Robert Halfon is the Member of Parliament for Harlow. Follow Rob on Twitter.
What is the best way to show that tax-cutting is the best
way to redistribute wealth from the rich to the poor, to help eliminate the
poverty trap and create incentives to work? What tax measure would really
neutralise Labour's oft-spoken claims that we cut taxes for the rich?
The answer is by showing that there is a moral mission for
lower taxes — and the best, boldest, and most symbolic way would be to restore
the starting ten pence band of income-tax, which Gordon Brown scrapped in 2008.
When Labour brought in the 50p income tax-rate, it cost HMRC
something like £7 billion pounds overnight, as people changed their behaviour
to avoid the new tax. This year, the Coalition will cut that 50p income
tax-rate down to 45p, because this is expected to raise more money from
the rich, not less. The message of the campaign at CutTaxTo10p.com —
or, alternatively GreatGordonBrownRepealBill.com ! — is that we should use
every extra penny raised from this to restore the 10p basic rate of income tax,
to help lower earners. Added to the Universal Credit, this will help
stop disincentives to employment, and to ensure that work always
Tax-cutting is about social justice, as much as it is about
economic efficiency. Conservatives have been repeatedly criticised for reducing
the top band of income tax to 45p, even though all the evidence suggests that
it will raise more money from the rich. But what better way to show that this
is a redistributive Government, than by using all the extra revenue that is
raised to help the poor? Research shows that a revamped 10p rate of income tax
could HALVE the income tax bill for every British worker on the minimum wage.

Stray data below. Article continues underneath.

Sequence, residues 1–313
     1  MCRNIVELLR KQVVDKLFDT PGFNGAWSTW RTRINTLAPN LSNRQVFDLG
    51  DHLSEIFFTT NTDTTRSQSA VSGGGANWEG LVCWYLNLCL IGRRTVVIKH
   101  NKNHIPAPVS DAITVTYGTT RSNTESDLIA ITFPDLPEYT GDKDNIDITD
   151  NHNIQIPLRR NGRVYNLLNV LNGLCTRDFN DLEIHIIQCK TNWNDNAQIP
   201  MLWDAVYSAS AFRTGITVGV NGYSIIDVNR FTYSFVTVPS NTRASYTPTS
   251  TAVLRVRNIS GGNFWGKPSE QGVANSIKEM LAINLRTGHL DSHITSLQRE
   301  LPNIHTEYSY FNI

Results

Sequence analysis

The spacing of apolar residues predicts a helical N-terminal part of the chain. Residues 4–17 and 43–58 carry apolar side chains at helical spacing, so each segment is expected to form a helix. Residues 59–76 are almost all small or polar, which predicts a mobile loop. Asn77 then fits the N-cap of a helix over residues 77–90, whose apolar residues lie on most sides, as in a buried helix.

It would also reduce the cash-gap between the Living Wage and the minimum wage
by 50 per cent. Unlike the Living Wage,
the ten pence income tax rate would not create additional burdens on business
or create barriers to employment — nor would it be as complex to introduce. The
best way of creating a sustainable Living Wage — without hurting jobs — is not
by piling burdens on business, but by cutting taxes instead. Under the last
Labour Government, Gordon Brown scrapped the 10p tax-band. In his very last act
as Chancellor, he crushed working people with a tax-rise of around £232 a year.
Restoring a 10p rate of income tax, between £9,205 and
£12,000, would cost around £6 billion a year according to the House of Commons
Library. This is significantly cheaper than raising the personal allowance to
£12,500 (which could cost as much as £14.4 billion). It also has the advantage
that it would benefit all workers, and could be paid for without dragging more
families into the 40p band of income tax.
Conservatives are building a hand-back society, rather than
a hand-out society. The last Labour Government believed that by recycling
money through higher taxes, it could then be handed out in the form of benefits
to individual interest groups (the winter fuel allowance going to millionaire
pensioners, being a classic example). A Tory approach is to move away from the
client state, by handing back people their own money through tax cuts. The
public will only be persuaded if the main focus is on lower earners.
What now could more symbolic of the Conservative Party’s aim of helping working
people, and fixing our economy, than repealing his worst and most unpopular
decision? Or even, to mis-quote Tony Blair, making tax cuts the preserve of the
many not the few?